Read the full article at https://doi.org/10.1016/j.resconrec.2020.105293.

Learn more

Tools to Increase Creativity and Reduce Food Waste

dragon fruit

Food waste in the home can often occur because of boredom or limited knowledge of how to use certain ingredients. A consumer may have leftovers in their fridge that they don’t want to waste, but can’t bear to eat one more time in the item’s current form while simultaneously not knowing how to repurpose the item for a new dish. Or perhaps they’ve acquired an edible item that’s completely new to them, so they’re not sure how to use it in the first place. This can happen when shoppers impulsively buy exotic produce or other ingredients at grocery stores without having performed research ahead of time–maybe the item just looked intriguing on the shelves, or its praises were sung by a friend or trusted podcast, prompting a desire for a new experience without adequate guidance. This type of food waste can also happen, unfortunately, when food banks distribute fresh produce in an effort to promote healthy diets without simultaneously distributing tips on how to use the produce. Donated commodities may not always fall within the range of familiarity for a food recipient, and they may find themselves having no idea what to do with the celery root or artichokes in their pre-packed food box, for example. And even if one is familiar with an ingredient, sometimes it loses its appeal when used in the same way time after time. Imagine a parent who frequently buys peas because their children love them. Those kids might become less receptive to the peas after having them prepared the same way at least once a week for a year.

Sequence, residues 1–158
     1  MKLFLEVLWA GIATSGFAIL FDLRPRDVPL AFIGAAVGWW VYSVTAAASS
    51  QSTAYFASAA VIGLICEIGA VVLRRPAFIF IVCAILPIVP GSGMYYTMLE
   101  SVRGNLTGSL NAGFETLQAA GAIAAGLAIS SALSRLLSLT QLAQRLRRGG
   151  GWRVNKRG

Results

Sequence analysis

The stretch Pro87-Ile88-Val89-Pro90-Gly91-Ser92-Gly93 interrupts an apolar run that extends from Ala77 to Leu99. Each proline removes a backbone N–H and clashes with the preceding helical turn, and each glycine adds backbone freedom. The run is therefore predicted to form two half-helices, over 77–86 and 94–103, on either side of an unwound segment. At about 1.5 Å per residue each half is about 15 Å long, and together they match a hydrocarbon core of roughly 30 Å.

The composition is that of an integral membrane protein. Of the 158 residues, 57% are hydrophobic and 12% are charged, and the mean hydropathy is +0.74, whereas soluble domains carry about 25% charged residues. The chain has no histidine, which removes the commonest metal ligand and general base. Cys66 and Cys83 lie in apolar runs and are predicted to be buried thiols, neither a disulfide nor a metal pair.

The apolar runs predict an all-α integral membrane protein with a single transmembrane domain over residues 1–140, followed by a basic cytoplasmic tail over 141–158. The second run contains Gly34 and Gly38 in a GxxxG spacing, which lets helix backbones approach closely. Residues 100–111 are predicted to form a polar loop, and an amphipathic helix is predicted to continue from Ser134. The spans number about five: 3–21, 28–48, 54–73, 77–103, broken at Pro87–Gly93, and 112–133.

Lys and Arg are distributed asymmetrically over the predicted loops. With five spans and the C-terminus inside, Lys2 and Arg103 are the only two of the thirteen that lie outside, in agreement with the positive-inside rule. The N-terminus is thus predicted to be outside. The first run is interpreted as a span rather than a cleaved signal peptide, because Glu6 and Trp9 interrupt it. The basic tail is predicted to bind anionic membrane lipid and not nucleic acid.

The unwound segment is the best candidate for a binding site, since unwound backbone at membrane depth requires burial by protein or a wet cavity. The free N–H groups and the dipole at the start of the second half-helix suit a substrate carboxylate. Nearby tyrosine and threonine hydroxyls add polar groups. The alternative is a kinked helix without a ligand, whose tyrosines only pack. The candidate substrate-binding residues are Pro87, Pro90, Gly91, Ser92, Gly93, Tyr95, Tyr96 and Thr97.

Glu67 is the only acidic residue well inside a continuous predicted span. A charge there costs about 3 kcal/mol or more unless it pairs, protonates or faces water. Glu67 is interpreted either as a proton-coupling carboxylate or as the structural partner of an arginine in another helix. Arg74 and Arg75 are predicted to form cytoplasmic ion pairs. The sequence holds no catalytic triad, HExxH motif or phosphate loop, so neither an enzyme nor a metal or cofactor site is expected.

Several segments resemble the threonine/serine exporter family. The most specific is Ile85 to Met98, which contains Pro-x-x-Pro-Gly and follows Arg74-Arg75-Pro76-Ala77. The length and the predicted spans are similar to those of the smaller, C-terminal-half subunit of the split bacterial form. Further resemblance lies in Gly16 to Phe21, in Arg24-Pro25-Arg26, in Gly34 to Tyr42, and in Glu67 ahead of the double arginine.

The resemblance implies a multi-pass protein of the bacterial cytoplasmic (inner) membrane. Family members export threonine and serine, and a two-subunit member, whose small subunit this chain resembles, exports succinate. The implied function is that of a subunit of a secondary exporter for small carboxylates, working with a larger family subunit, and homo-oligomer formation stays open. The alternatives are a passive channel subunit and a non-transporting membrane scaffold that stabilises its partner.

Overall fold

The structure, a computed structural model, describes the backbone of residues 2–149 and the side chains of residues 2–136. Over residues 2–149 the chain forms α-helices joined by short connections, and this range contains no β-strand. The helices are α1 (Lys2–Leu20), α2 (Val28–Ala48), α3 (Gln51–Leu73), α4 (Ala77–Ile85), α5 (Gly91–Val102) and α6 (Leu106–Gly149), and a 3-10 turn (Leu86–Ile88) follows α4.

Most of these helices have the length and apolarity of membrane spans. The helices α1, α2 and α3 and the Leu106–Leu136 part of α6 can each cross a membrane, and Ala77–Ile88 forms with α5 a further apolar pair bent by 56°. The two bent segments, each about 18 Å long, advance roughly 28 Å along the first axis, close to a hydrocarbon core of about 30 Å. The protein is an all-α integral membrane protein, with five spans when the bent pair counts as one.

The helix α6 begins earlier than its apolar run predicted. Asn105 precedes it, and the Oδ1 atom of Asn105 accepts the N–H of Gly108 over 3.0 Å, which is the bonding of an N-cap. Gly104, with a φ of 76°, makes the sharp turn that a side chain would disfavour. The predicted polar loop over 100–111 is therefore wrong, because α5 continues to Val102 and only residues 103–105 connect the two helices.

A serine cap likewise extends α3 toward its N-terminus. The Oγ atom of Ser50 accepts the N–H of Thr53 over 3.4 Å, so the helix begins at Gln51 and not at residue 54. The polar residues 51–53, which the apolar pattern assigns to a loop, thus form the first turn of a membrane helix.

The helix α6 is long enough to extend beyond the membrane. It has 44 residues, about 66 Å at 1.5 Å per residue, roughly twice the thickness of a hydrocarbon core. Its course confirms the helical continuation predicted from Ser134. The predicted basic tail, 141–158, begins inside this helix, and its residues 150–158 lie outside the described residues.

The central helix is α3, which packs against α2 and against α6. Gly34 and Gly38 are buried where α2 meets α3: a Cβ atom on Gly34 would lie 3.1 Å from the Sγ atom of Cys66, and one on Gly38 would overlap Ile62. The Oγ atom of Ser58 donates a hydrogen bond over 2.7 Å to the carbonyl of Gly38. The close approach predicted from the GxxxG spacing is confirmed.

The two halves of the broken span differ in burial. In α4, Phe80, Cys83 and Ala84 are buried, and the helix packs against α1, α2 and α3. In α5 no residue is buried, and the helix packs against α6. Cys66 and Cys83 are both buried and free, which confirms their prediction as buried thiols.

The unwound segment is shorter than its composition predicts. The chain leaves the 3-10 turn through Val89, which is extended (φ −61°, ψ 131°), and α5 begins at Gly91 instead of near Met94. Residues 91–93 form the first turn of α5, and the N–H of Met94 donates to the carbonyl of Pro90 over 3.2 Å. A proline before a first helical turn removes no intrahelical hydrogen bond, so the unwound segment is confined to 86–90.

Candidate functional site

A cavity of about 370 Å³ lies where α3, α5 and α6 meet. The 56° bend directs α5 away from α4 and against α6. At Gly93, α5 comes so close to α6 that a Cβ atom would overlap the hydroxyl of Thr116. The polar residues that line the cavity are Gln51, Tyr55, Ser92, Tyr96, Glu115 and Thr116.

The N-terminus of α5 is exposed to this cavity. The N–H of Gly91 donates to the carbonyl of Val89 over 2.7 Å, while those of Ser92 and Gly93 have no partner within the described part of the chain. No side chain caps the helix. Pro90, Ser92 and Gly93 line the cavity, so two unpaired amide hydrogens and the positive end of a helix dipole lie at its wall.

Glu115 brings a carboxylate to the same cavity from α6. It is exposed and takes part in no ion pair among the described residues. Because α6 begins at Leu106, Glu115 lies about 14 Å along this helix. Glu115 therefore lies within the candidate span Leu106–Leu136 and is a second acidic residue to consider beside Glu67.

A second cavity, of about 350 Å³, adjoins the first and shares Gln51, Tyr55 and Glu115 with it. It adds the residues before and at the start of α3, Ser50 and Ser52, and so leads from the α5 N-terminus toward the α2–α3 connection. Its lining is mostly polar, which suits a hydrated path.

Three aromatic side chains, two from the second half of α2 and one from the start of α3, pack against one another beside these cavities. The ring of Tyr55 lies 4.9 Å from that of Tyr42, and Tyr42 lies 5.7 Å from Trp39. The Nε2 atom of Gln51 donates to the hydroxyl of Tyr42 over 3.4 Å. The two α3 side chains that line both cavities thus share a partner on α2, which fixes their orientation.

Recognizing that inspiration is as important a tool in keeping food out of landfills as compost piles and meal planning, the Love Food Hate Waste Canada website includes a section called “Get Inspired.” This section not only includes tips on how to preserve or store foods to prevent waste and meal planning, it also provides a page called “5 Ways With.” This page presents five novel ways to use ingredients in the categories dairy, fruits & veggies, grains & bread, and meat & eggs.

5 ways with page

For example, broccoli stalks are suggested as the basis for fritters or pesto, or as an addition to soups, salads, or stir-frys. Whenever the suggestion calls for more detailed instruction, a link to a recipe is provided.

This web page is by no means the only place to find tips, tricks, and recipes to help you use an ingredient in a new or interesting way before it goes to waste.

The flagship Love Food Hate Waste website, launched by the UK organization Waste & Resources Action Programme, or WRAP, includes a “Recipes” section that allows users to search for ideas based on dietary parameters, preparation difficulty, or cooking time.

CookIt from the Natural Resources Defense Council (NRDC) Save the Food website helps consumers find recipes for a wide variety of ingredients, including those that are commonly thrown out as scraps, such as overripe avocados or cheese rinds. It also provides ideas for transforming ingredients that are “past their prime” to get the most use out of available food. Some of the recipes are accompanied by videos of Chef Joel Gamoran making the recipe.

save the food.com logo

SuperCook allows users to search for recipes based on ingredients they have on hand. Similar tools include MyFridgeFood, Cookpad, Cookin’ with Google, and the Use Up Leftovers tool on the BigOven recipe database website.